by Jane McWhorter
In depicting that terrible scene on Calvary, Matthew commented: “And many women were there beholding afar off, which followed Jesus from Galilee, ministering unto Him” (Matthew 27:55).
Have you ever thought about those women who helplessly watched from afar as Christ suffered the torturous death on the cross? Two of the ones mentioned had sons the same age as our Lord. Can you imagine the mental agony of these followers and the utter frustrations of their desires to ease the suffering of the One to whom they had ministered? Have you ever wondered what these women had done for Christ during his ministry? They probably prepared meals, offered water, and provided lodging for a weary, homeless body. The Scriptures state that they had followed him from Galilee, the northern region, which was a long way from Jerusalem. The road was difficult, especially for a woman. The weather was still cold at this time of the year. Would we have been so devoted if we had lived at that time?
No longer are we given the opportunity to minister to the needs of Christ’s physical body, but an earlier passage in Matthew offers the same opportunity. Whenever we feed and clothe the needy, offer hospitality, provide companionship and help for those in trouble, we are doing it for him. “Inasmuch as ye have done it unto one of the least of these my brethren, ye have done it unto me” (Matthew 25:40).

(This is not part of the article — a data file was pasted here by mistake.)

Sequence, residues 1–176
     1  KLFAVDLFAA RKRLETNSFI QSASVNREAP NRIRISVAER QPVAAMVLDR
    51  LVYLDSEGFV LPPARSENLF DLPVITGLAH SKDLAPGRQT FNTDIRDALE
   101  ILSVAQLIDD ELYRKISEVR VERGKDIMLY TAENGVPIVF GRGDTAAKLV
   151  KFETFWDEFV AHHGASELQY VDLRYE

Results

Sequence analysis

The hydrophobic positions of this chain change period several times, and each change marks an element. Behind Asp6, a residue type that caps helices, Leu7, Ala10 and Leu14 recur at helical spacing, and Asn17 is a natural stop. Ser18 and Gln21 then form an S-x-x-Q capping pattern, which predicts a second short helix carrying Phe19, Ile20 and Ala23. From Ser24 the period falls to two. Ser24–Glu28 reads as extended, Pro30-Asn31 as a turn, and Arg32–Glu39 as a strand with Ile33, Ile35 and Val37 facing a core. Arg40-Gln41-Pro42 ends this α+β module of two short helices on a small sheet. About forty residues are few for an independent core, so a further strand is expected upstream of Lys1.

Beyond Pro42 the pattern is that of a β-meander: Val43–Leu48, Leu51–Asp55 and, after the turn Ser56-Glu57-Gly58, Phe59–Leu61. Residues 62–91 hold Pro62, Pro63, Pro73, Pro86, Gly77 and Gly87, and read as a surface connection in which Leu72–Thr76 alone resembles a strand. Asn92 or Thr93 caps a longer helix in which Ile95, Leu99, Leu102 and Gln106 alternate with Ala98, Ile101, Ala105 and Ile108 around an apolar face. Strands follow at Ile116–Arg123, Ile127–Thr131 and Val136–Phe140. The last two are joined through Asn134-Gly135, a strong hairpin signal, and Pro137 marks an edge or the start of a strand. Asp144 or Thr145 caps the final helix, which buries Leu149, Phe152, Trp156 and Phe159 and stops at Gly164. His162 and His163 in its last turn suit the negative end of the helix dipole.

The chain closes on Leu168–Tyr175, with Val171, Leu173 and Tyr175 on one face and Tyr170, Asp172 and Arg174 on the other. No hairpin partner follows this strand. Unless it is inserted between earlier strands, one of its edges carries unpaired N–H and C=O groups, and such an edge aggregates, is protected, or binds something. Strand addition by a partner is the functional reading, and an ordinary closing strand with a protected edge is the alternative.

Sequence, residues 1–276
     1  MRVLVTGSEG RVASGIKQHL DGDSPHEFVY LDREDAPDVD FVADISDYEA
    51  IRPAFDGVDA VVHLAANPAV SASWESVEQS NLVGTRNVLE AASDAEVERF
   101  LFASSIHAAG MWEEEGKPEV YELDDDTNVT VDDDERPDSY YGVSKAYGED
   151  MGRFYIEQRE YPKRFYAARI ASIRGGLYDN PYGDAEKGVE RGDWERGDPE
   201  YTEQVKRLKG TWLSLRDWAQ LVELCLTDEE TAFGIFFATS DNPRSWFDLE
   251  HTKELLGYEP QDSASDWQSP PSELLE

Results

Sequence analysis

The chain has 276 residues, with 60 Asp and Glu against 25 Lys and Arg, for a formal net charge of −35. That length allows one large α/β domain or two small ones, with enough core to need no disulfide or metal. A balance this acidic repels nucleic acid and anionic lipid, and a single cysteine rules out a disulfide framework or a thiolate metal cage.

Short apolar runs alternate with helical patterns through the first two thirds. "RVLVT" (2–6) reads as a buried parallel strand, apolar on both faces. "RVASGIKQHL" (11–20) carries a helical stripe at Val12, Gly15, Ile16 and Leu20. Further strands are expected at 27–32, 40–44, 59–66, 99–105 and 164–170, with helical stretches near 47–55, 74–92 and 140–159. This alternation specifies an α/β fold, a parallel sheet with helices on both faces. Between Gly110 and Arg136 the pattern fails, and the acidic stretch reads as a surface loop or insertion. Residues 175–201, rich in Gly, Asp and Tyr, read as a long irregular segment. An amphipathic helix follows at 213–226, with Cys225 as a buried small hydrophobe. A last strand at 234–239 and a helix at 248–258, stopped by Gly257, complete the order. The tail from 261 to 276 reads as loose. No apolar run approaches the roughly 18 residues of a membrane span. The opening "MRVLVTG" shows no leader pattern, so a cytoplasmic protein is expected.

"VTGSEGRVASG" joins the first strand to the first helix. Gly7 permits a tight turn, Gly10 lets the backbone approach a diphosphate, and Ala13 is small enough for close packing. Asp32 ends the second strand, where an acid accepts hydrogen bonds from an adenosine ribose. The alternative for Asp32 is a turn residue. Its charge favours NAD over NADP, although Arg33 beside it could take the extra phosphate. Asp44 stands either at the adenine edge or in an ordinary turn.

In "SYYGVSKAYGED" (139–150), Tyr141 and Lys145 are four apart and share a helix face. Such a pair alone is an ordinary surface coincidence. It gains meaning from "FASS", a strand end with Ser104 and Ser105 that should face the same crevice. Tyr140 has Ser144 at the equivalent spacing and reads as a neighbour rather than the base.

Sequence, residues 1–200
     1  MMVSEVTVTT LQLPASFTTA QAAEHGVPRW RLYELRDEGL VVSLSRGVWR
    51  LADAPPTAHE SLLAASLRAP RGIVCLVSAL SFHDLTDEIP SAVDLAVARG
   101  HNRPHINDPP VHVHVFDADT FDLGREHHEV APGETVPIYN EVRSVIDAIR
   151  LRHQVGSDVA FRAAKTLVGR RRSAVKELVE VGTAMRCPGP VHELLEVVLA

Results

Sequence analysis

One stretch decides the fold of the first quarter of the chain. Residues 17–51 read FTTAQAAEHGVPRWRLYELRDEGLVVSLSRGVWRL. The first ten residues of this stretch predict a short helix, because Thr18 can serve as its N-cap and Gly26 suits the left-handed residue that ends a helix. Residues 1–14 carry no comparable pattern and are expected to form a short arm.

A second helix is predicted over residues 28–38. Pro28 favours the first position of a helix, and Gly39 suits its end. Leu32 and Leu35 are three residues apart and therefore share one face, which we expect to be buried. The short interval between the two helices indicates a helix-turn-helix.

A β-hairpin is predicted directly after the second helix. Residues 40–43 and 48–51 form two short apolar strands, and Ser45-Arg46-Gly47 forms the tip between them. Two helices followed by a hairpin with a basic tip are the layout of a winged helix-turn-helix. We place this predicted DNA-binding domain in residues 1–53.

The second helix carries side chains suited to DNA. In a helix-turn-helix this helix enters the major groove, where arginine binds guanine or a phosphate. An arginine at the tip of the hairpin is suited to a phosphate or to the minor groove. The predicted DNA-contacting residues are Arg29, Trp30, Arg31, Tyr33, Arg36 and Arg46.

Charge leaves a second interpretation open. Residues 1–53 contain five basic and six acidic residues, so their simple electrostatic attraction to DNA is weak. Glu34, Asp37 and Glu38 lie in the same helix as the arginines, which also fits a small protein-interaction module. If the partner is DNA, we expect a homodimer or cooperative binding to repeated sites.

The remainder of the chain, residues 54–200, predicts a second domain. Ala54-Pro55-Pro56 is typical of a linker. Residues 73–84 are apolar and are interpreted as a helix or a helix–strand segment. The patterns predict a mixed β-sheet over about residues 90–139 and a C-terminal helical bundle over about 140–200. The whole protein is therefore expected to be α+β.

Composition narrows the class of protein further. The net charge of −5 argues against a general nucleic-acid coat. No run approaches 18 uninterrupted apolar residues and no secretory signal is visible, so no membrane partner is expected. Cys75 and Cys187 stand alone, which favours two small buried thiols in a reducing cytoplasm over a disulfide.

Our Lord has no hands but our hands. There are so many around us who are in spiritual and emotional need of a Christian friend. Each day dozens of opportunities present themselves, but we are usually too busy with “things” that really aren’t important at all. If Christ were present in a physical body, I wonder how quickly we would drop all and run to him. But we can’t. The only way we can minister to him is by serving others. It matters not that the recipients seem ungrateful. We are doing it for him.
In all likelihood, there was not a woman in that little crowd who would not gladly have exchanged her life for that of her master, but none of them could. We are told how to save our spiritual lives: “… he that loses his life for my sake shall find it” (Matthew 10:39). We find our true lives by becoming so absorbed in living for him (and serving others) that we lose our lives to the world.
The next time there is an occasion to serve others, try to visualize what an opportunity you have. “Inasmuch as ye have done it unto one of the least of these… ” (Matthew 25:40).
Thanks to The Voice of Truth International, Vol 44, pages 66-67.
by Jane McWhorter